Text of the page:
Managing Airfield PCC Pavements With Materials-Related Distress
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Managing Airfield PCC Pavements With Materials-Related Distress. 32 nd Annual Airport Conference Hershey, Pennsylvania March 4, 2009 David Peshkin, P.E. providing engineering solutions to improve pavement performance. Presentation Overview. Current practices in PCC pavement evaluation

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Managing Airfield PCC Pavements With Materials-Related Distress

32nd Annual Airport Conference

Hershey, Pennsylvania

March 4, 2009

David Peshkin, P.E.

providing engineering solutions to improve pavement performance

Presentation overview
Presentation Overview Distress

  • Current practices in PCC pavement evaluation

  • Observations and Issues

  • Needs

  • New developments

Current practices
Current Practices Distress

  • Guidelines and Procedures for Maintenance of Airfield Pavements, FAA AC 150/5380-6B, Chapter 3: Pavement Distress

  • Airport Pavement Condition Index Surveys, ASTM 5340-04

  • Others (PASER: 5320-17; ASR: 5380-8)

Faa ac 5380 6b
FAA AC 5380-6B Distress

Cracking: caused by stresses, overloading, loss of subgrade support, and insufficient and/or improperly cut joints.

  • Durability “D” Cracking

  • Shrinkage Cracking

Faa a c 5380 6b continued
FAA A/C 5380-6B (continued) Distress

Disintegration: caused by improper curing and finishing, unsuitable aggregates, and improper mixing

  • Scaling, Map Cracking, and Crazing

  • Joint Spalling

  • Corner Spalling

  • Shattered Slab/Intersection Cracks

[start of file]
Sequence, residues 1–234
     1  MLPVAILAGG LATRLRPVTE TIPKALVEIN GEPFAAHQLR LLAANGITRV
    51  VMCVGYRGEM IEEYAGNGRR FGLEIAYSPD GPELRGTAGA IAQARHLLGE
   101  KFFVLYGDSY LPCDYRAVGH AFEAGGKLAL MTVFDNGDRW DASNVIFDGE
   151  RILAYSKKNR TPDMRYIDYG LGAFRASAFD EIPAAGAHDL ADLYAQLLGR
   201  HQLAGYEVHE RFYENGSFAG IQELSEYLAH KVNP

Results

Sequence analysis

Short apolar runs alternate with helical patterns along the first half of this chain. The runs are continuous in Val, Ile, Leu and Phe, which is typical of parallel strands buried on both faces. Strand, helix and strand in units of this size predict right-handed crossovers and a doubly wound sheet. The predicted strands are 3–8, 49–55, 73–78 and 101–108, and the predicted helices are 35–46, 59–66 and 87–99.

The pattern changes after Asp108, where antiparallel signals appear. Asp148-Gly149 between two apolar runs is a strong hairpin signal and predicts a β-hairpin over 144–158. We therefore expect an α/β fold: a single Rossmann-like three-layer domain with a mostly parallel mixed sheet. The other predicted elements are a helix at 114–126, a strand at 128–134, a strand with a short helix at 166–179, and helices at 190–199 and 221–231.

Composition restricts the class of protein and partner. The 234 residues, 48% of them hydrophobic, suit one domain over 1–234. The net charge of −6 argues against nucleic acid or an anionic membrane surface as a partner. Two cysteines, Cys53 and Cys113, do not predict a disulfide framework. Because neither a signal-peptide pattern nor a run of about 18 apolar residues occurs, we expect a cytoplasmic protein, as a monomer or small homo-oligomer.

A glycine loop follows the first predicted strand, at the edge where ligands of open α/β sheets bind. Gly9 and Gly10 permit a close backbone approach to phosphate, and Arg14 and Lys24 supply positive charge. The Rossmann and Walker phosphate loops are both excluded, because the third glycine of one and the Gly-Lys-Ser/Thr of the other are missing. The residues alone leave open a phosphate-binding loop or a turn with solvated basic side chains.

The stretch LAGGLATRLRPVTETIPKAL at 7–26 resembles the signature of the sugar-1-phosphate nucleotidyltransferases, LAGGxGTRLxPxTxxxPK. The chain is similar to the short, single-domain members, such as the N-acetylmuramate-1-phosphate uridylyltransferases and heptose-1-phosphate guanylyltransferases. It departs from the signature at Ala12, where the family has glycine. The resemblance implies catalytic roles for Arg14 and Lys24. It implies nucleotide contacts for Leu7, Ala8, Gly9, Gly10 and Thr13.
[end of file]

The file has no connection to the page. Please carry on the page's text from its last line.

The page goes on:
• Blowups

  • Popouts

  • Patching

Astm d 5340 airport pavement condition index surveys
ASTM D 5340 Airport Pavement Condition Index Surveys Distress

  • 15 distress types

  • Description, severity levels (L, M, H), how to count

  • Deduct curves

  • Causes discussed in “Description”

Astm d 5340 distress causes
ASTM D 5340: Distress Causes Distress

  • D cracking: concrete’s inability to withstand environmental factors

  • Popouts: freeze-thaw action in combination with expansive aggregates

  • Scaling, map cracking, and crazing: last two caused by overfinishing; scaling caused by deicing salts, improper construction, freeze-thaw cycles, poor aggregate. Also cement-aggregate interaction

Astm d 5340 distress causes continued
ASTM D 5340: Distress Causes (continued) Distress

  • Shrinkage: formed during setting and curing

  • Spalling: incompressibles, loadings, and overworking

Observations and issues
Observations and Issues Distress

  • PCI procedure effective tool in managing pavements

  • Used for both network- and project-level efforts

  • Additional insights from considering distress causes

Observations and issues continued
Observations and Issues (continued) Distress

  • Identification procedures combine descriptions and causes

  • Some distresses not well described

  • Procedure not particularly sensitive to the progressive deterioration of PCC with materials-related distress (MRD)

  • This has left airports with high PCIs and imminent need for major work

Needs Distress

  • Identification of MRD in the field

  • Prediction of progression of MRD

  • Understanding of the risk associated with MRD

New developments
New Developments Distress

  • Additional guidance from FAA (ASR Identification Handbook)

  • Modifications to the PCI procedure

  • Innovative Pavement Research Foundation (IPRF) projects, and specifically:

    IPRF Project 06-06 on MRD and Projected Pavement Life